The book contains the Proceedings of the 14th International Colloquium on Mycenaean Studies, held in Copenhagen from 2 to 5 September 2015. The authors of the 44 contributions are among the major specialists in Aegean and Cypriot texts of the 2nd and 1st millennia BC. The book is divided into two volumes and five sections: 1) Scripts, Palaeography and Research Tools, 2) Interpretations and Contexts, 3) Philology and Linguistics, 4) Comparative Studies between the Aegean, the Levant and the Ancient Near East, and 5) Historiography. The publication has been funded by the Lillian and Dan Fink Foundation, the Carlsberg Foundation, the Danish National Research Foundation, the Institute for Aegean Prehistory, the R. K. Rasks Legat Foundation and the University of Copenhagen. The book, edited by M.-L. Nosch and H. Landenius Enegren, has been published by the Institute for the Study on Ancient Mediterranean of the Italian National Research Council in the Incunabula Graeca series, directed by M. Bettelli e M. Del Freo.
A fragment of a seal impression that bears the name of Isaiah was discovered during the 2009 season of the Ophel excavations in Jerusalem (cfr. Biblical Archaeology Review, March-May 2018). This seal impression (Bulla B12) is divided into three registers: the first register is almost completely missing, in the middle register the name lyš‘yh[w] «(belonging) to Isaiah» is impressed, and in the third register we find the word nby.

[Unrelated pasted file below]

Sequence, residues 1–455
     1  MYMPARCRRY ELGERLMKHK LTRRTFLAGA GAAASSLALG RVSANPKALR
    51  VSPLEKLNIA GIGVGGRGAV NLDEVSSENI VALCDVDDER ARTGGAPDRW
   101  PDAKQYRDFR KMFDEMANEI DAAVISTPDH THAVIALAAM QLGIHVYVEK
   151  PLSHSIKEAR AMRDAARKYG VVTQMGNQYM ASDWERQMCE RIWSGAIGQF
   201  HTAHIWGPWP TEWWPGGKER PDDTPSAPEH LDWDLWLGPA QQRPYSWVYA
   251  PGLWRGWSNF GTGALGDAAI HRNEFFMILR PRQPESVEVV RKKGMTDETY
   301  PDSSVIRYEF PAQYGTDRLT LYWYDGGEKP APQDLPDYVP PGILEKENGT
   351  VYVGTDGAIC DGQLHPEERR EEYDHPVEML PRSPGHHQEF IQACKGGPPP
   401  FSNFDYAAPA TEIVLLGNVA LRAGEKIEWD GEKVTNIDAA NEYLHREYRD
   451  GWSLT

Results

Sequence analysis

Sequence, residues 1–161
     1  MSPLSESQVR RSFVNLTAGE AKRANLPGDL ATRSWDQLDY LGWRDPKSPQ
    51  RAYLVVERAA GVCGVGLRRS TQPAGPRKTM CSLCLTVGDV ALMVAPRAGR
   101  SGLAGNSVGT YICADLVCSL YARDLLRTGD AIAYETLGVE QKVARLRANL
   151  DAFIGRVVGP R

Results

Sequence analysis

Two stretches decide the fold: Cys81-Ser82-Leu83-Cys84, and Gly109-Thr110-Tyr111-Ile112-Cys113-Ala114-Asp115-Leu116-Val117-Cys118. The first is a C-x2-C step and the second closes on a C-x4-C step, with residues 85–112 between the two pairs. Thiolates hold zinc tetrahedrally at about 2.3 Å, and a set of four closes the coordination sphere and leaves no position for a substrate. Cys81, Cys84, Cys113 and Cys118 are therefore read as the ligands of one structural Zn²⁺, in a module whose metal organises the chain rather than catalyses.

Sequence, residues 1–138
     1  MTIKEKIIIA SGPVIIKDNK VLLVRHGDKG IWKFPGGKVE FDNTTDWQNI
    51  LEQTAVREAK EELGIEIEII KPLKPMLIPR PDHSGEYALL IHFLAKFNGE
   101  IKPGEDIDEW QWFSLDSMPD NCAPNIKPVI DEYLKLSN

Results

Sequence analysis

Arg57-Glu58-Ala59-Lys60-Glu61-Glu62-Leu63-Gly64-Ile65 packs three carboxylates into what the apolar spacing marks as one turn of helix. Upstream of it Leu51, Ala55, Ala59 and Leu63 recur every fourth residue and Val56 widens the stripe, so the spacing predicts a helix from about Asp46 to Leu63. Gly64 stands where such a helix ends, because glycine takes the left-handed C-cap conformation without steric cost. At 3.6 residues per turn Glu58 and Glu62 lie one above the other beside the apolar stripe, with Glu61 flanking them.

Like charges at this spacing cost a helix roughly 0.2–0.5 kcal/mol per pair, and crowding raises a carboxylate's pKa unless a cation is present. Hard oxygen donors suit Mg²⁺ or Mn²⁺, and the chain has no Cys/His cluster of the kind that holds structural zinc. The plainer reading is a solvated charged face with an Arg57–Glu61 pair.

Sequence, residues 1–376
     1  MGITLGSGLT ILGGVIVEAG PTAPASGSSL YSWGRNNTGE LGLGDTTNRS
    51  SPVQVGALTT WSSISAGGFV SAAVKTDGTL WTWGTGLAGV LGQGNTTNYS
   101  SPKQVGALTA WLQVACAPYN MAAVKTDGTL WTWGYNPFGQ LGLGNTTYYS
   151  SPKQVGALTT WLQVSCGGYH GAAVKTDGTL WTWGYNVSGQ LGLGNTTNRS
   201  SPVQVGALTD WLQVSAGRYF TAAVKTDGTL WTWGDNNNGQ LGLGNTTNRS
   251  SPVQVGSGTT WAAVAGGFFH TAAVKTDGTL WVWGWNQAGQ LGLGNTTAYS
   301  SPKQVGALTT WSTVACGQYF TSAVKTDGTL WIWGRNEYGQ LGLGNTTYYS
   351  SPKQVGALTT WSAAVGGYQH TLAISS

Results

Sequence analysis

As the left side is slightly damaged, Eilat Mazar suggests that a letter aleph could have been written at the end of the line, forming the word nby[’] «prophet». If this conjecture was correct, it would be a reference to the biblical prophet Isaiah.
However, there are many problems with this conjecture (cfr. the critical notes of C. Rollston in http://www.rollstonepigraphy.com/). Two are the main problems. First, without the aleph at the end of the line, the word nby cannot mean «prophet», and, as there are no traces of this letter, it is not possible to draw any conclusion. Second, the Hebrew word nby is well known in other Hebrew seal impressions. It is either the patronym «Nobai», or the nisbe-ethnicon «Nobite», i.e. «from Nob» (cfr. W. Röllig, Siegel und Gewichte, in J. Renz – W. Röllig, Handbuch der Althebräischen Epigraphik, Bd. II/2, Darmstadt 2003, testi nn. 10.83; 13.10; 16.66; 21.82).
In sum, I do not think there is any evidence that this bulla can be associated with the «prophet» Isaiah whose father was Amoz. (Paolo Merlo Pontificia Università Lateranense)